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Director Danny Boyle and actress Rubina Ali (holding two of the Academy Award statues that 'Slumdog Millionaire' won) at the 81st Annual Academy Award.
The organization that runs the Academy Awards plans to use a form of preferential voting to choose the winner in next year’s expanded Best Picture field. KPCC’s Cheryl Devall runs down the process.
In recent years, many Best Picture contenders have been movies most people haven’t seen – while some very popular films, like The Dark Knight, weren’t nominated. To boost fan interest and TV ratings for the annual Oscar broadcast, the Academy of Motion Picture Arts and Sciences doubled the number of movies eligible for its top award.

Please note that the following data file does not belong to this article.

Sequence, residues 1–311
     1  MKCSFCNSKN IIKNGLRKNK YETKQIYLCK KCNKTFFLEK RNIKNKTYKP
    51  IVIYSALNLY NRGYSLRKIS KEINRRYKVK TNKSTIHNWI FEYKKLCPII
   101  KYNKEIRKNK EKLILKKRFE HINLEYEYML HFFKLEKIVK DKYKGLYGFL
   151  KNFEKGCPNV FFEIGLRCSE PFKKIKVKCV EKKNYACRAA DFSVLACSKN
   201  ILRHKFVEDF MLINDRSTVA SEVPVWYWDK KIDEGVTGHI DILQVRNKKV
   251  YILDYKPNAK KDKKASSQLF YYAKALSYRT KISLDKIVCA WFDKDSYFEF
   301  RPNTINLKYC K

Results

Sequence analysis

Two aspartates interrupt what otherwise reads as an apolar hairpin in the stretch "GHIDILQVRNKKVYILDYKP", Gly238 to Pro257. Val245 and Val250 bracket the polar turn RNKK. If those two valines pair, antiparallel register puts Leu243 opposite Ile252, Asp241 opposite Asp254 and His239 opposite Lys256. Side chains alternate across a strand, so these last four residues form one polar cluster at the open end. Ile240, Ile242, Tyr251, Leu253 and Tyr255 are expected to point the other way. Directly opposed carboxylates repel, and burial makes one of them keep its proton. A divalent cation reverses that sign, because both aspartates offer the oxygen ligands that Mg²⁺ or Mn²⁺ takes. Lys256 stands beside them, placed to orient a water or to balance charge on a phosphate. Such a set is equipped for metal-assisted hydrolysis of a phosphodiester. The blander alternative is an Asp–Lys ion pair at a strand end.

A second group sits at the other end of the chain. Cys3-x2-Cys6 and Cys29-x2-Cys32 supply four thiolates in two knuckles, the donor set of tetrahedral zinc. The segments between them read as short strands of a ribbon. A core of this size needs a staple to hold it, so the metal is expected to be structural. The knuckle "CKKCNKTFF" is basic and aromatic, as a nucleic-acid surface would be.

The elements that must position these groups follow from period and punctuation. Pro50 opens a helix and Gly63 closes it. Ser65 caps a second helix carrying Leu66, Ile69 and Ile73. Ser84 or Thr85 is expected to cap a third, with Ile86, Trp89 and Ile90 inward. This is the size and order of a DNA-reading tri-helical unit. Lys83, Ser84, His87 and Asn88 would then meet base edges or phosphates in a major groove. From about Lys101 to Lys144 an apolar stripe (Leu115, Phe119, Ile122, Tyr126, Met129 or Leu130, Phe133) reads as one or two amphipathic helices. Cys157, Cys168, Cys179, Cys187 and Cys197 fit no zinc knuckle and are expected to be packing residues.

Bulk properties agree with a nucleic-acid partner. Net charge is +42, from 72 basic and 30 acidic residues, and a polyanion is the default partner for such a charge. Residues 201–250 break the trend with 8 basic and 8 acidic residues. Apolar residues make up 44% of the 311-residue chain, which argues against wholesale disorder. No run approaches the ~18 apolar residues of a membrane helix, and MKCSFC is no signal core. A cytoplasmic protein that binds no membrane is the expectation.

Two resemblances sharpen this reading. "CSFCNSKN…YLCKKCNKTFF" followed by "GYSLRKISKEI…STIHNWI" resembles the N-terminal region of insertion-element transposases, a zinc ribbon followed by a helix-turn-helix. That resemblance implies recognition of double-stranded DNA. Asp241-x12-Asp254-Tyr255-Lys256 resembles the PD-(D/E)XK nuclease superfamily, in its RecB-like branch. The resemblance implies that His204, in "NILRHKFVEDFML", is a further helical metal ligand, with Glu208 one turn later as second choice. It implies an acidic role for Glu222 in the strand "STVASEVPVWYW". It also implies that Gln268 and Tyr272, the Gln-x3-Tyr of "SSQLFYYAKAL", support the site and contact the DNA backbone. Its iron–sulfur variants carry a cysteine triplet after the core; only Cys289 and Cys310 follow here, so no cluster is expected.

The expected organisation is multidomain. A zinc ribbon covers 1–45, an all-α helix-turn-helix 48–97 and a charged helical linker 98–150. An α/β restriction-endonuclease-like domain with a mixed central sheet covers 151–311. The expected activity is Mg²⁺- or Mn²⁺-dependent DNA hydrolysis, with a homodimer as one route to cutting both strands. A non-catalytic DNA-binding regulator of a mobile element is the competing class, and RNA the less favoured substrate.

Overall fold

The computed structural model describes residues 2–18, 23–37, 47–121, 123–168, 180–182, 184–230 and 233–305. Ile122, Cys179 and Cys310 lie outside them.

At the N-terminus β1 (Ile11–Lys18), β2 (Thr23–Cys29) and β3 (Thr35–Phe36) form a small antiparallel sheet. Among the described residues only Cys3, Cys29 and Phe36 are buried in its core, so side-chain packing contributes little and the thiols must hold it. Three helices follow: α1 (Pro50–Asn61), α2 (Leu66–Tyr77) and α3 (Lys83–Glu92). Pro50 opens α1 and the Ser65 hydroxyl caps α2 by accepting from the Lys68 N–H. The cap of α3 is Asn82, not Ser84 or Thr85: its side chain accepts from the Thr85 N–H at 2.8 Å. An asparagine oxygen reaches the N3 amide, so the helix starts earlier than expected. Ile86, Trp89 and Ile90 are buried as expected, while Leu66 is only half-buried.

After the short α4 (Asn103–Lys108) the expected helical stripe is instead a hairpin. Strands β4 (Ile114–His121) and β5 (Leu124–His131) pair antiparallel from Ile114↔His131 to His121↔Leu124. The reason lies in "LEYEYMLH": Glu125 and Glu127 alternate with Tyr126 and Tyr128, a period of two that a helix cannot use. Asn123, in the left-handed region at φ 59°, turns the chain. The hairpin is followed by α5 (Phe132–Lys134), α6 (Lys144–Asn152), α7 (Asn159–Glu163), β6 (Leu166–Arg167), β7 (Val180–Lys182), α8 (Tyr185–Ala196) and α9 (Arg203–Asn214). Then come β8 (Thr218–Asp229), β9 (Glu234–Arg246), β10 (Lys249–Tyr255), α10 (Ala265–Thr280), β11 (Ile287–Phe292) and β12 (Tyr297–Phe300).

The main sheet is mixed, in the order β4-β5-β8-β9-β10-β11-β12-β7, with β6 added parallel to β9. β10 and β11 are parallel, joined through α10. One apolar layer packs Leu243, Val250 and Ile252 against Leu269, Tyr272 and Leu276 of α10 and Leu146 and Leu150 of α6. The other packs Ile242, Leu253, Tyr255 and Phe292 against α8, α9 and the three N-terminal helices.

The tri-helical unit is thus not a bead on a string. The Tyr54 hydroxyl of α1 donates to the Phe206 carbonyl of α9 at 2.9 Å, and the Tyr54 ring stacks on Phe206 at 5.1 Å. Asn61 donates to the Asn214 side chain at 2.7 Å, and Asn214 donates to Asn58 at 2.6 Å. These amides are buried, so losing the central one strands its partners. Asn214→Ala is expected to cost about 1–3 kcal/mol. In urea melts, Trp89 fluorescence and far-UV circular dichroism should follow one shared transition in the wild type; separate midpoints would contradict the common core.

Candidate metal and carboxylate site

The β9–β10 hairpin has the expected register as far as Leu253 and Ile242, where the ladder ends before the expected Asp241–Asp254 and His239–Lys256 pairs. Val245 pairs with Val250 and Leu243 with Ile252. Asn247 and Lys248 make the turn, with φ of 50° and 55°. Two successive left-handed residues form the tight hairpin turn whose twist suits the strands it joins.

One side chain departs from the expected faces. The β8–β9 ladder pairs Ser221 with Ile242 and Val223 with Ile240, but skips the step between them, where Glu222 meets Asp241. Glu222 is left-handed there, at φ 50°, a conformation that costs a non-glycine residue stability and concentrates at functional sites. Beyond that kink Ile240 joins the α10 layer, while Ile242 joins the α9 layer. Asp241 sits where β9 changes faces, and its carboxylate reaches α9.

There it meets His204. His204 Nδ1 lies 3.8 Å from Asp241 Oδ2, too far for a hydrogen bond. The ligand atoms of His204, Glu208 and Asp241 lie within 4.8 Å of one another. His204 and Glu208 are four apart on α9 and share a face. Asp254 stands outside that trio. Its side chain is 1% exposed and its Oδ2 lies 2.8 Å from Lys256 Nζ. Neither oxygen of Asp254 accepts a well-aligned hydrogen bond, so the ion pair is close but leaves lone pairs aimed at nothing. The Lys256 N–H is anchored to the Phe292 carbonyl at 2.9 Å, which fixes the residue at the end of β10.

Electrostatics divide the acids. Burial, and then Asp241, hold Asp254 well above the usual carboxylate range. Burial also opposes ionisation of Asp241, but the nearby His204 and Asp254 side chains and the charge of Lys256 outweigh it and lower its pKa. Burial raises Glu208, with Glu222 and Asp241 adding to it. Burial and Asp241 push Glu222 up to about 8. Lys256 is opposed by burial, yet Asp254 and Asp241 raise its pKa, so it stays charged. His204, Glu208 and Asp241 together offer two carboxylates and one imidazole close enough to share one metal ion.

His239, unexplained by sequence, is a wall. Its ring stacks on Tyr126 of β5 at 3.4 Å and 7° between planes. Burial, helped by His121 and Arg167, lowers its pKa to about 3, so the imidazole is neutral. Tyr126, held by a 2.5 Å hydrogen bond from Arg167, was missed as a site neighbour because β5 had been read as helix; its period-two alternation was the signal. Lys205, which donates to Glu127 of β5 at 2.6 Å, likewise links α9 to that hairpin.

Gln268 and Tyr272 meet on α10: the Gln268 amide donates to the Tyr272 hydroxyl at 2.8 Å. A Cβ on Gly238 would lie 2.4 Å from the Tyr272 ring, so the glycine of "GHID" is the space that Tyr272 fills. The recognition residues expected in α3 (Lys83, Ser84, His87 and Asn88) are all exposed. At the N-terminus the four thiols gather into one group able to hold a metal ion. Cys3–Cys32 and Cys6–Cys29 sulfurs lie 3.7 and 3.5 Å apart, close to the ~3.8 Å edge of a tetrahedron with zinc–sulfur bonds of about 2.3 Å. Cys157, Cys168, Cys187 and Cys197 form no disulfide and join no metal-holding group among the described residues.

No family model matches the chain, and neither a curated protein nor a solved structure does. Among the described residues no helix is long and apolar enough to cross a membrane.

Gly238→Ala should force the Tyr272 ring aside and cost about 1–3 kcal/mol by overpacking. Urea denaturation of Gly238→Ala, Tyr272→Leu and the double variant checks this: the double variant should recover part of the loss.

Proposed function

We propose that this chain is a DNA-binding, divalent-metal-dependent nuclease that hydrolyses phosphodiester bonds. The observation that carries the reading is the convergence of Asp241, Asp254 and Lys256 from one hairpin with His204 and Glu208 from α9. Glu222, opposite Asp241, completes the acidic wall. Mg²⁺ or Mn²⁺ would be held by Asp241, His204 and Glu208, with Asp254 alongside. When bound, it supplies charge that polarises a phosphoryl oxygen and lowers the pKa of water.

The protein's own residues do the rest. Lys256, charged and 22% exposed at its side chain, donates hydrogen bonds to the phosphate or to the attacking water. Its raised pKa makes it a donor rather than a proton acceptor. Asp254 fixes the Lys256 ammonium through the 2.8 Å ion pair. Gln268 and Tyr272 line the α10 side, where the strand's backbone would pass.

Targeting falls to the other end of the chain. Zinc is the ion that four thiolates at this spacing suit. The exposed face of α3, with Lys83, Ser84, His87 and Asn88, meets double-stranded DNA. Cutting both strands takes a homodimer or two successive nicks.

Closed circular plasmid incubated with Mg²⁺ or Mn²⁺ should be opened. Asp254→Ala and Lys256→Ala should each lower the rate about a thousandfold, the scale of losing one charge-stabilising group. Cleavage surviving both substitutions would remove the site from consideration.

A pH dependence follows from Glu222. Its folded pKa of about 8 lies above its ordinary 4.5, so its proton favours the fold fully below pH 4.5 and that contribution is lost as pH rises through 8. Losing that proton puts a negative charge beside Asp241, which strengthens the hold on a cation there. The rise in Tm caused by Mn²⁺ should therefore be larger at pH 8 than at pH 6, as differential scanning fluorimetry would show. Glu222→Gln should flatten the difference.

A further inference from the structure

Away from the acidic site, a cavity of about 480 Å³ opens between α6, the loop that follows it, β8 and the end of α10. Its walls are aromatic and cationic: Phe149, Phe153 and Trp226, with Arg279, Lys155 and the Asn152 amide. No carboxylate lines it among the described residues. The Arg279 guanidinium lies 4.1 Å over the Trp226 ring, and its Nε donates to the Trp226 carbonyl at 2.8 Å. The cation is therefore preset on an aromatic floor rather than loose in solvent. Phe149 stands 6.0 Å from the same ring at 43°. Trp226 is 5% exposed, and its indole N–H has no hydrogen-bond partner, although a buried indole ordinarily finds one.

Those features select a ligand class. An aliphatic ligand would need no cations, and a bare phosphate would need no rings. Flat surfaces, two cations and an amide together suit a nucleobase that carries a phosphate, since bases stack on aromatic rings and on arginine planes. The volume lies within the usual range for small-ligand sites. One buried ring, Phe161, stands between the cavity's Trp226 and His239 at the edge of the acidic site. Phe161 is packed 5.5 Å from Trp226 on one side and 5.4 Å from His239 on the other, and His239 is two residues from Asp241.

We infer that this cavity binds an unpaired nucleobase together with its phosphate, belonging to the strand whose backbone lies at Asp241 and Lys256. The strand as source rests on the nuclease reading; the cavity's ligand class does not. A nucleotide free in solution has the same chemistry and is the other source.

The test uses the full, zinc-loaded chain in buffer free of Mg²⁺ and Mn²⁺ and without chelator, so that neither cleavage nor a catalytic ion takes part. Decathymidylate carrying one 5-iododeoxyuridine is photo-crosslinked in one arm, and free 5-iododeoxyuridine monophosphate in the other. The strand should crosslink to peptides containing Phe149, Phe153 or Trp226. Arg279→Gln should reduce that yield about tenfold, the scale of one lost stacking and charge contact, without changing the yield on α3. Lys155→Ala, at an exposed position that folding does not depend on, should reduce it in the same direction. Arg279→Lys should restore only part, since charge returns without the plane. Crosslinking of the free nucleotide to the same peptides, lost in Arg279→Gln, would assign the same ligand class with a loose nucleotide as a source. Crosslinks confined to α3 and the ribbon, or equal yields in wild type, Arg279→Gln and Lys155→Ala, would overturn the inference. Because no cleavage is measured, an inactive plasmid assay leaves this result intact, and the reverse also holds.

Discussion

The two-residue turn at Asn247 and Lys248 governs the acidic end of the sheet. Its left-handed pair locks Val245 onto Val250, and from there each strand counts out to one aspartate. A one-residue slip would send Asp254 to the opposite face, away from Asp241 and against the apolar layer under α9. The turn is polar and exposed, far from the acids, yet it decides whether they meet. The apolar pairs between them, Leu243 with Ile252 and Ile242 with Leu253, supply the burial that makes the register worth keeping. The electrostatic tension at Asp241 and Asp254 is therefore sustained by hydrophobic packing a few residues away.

Now it’s changing the voting rules in that category so academy members may rank their favorites from 1 to 10. The movie with the most high-ranking votes will win, in a system that gives added weight to the number two and number three picks.
It’s a form of instant-runoff voting, in which people rank multiple candidates in order of preference. Cities including San Francisco have used this form of voting in some elections for years to eliminate expensive, low-turnout runoffs. Low voter turnout isn’t an issue with the Oscars, where this form of voting will apply only to the 10 Best Picture nominees.